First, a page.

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Arming rebels in Syria (and beyond): What next for the UK government?

Members of Syrian security chant slogans and raise their weapons.

“All weapons find a new home”- where would Britain’s weapons go?

Earlier this week there was a vote by British MPs that prevented the government from sending weapons to Syrian rebels without the consent of Parliament.  Such a vote raises huge questions not only for the nature of British intervention in this conflict, but also for future ones.

Since Britain and France successfully lobbied to drop the EU’s arms embargo to Syria in June it has seemed increasingly likely that European governments would soon be arming the rebels there.  It is AOAV’s position that such actions would both fuel the violence in Syria and contribute to the availability of arms in the region to extremist groups.

Clearly some MPs share our view.

The vote on Thursday, which was passed by 114 votes to 1, means that the UK will not be able to follow the American example of arming rebel forces in Syria without seeking the approval of the 650 democratically-elected Westminster representatives.

There was a lot of talk in the debate itself that this vote was a line in the sand in terms of Parliament’s authority, but is it? Where does this vote leave the UK government? And has this vote set a precedent for future arms transfers?

Arming Syrian rebels
In a way, not much has changed. Facing pressure from MPs from all parties the Prime Minister and Foreign Secretary had already made clear, public commitments that no decision would be made without coming before Parliament.

With Parliament about to go on a long summer recess there was still a huge concern that the Government, citing military necessity, could reverse their position and put the wheels in motion whilst MPs had their backs turned.

“We do not want to be brought back here in August when the Government have arranged large shipments of arms to go to the Syrian opposition, which will all be stacked up at Stansted airport ready to go, and we will be asked to approve it. We want a serious decision well before any such action is even contemplated by the Government, said Jeremy Corbyn MP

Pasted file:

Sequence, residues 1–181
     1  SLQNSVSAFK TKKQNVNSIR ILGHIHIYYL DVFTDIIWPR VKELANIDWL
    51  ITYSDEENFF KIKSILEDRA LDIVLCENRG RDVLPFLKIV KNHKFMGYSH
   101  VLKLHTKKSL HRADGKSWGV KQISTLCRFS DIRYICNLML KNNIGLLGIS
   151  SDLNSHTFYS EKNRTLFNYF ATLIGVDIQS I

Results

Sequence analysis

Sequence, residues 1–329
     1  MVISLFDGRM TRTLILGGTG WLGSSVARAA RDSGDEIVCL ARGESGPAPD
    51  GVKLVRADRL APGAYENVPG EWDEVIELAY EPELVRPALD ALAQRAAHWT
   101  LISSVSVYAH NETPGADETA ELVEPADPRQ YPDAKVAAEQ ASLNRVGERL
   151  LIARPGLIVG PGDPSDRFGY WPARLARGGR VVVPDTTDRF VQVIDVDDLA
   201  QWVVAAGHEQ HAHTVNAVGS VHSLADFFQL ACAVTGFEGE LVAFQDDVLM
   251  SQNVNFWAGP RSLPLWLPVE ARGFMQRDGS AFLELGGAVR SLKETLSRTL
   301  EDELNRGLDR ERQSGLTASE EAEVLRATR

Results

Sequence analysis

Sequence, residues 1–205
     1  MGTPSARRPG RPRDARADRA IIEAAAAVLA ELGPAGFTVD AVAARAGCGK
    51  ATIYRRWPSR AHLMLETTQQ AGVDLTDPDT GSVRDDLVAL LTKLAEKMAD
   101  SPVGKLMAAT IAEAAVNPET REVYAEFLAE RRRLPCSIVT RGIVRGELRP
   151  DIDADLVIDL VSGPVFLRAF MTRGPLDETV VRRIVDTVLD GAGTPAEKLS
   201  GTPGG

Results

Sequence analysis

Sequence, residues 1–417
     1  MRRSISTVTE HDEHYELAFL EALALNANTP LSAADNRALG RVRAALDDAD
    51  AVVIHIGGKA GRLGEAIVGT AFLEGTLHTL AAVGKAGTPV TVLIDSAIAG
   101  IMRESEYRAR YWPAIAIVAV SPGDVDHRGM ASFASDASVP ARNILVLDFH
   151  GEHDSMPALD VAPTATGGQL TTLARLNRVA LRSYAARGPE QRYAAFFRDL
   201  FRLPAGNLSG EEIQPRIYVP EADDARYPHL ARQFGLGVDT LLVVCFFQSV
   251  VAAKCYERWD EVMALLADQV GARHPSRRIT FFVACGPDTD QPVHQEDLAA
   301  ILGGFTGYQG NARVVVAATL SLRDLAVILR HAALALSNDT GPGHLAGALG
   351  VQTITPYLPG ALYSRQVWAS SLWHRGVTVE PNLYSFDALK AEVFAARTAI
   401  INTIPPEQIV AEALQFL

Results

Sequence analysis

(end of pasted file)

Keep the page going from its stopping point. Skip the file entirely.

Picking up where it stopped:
This vote has confirmed Parliament’s sovereignty on the issue and has bound the British government to a process before it acts. It also means that it is highly unlikely that the UK will now send arms to Syria, such is the strength of opposition among MPs to the idea, on various humanitarian, political, and ethical grounds.

Conservative MP Jon Barron began the debate by saying: “If humanitarian concerns are uppermost in people’s minds, which I do not doubt for a moment, it beggars belief that anyone could suggest that pouring more arms into the conflict would not add to the violence and suffering.”

His voice was one of many in the House. While external intervention in the Syrian conflict is escalating, the UK looks unlikely to be such a large part of it now.

A question of precedents
The ghosts of Iraq weighed heavy over the room. Parliament was given a vote on the merits of intervention in both Iraq and Libya, but in both cases it was felt by many that MPs were reduced to rubber-stamping an ongoing intervention and that the vote came too late to have any real impact.

In many ways the vote over Syria was to counter this sense of helplessness.  In fact, many MPs stressed on the floor of the House the huge constitutional significance of the vote itself.

Importantly, the proposal to arm non-state actors was described as unique, and one that could open up a Pandora’s box of issues.

MP Mike Gapes, for instance, raise concerns about supplying weapons to a state now controlled by many different actors.  This would set a brand new precedent for the British Parliament in itself.

The idea of supplying arms to non-state actors raises huge concerns about how these weapons would be used, and how they could be controlled in future.

The example of France air-dropping rockets and missiles to Libyan rebels in 2011 demonstrates the risk of proliferation. MI6 has recently said there are more weapons in Libya than in the entire stockpile of the British army, and that most of these are unsecured.  Arms supplied to Libya also found their way to Mali rebels.

As Professor Michael Clarke, of the Foreign Affairs Select Committee, has said: “There is a lot of evidence that Libyan weapons are now circulating pretty freely in the Levant […] Weapons never go out of Commission; they just go somewhere else. Almost all weapons find a new home once a war is over.”

The reality that weapons sent to back a ‘friendly’ rebel force have ended up being used in ways for which they were not intended should weigh heavy on parliamentarians.

It also raises the question: why doesn’t Parliament vote on all transfers on lethal arms?

It arguably should play a greater role in monitoring and sanctioning arms transfers, especially now that the UK is a signatory to the Arms Trade Treaty.

The Treaty will bind the UK to establish the highest possible standards for regulating the trade in weapons. Instead of the oversight of specific committees, why shouldn’t the whole of Parliament be an additional check for every trade of deadly weapons?

The vote yesterday has clear repercussions for British intervention in the Syrian conflict, but it also raises important questions for the accountability of Britain’s arms trade, and Parliamentarians would do well to pursue them.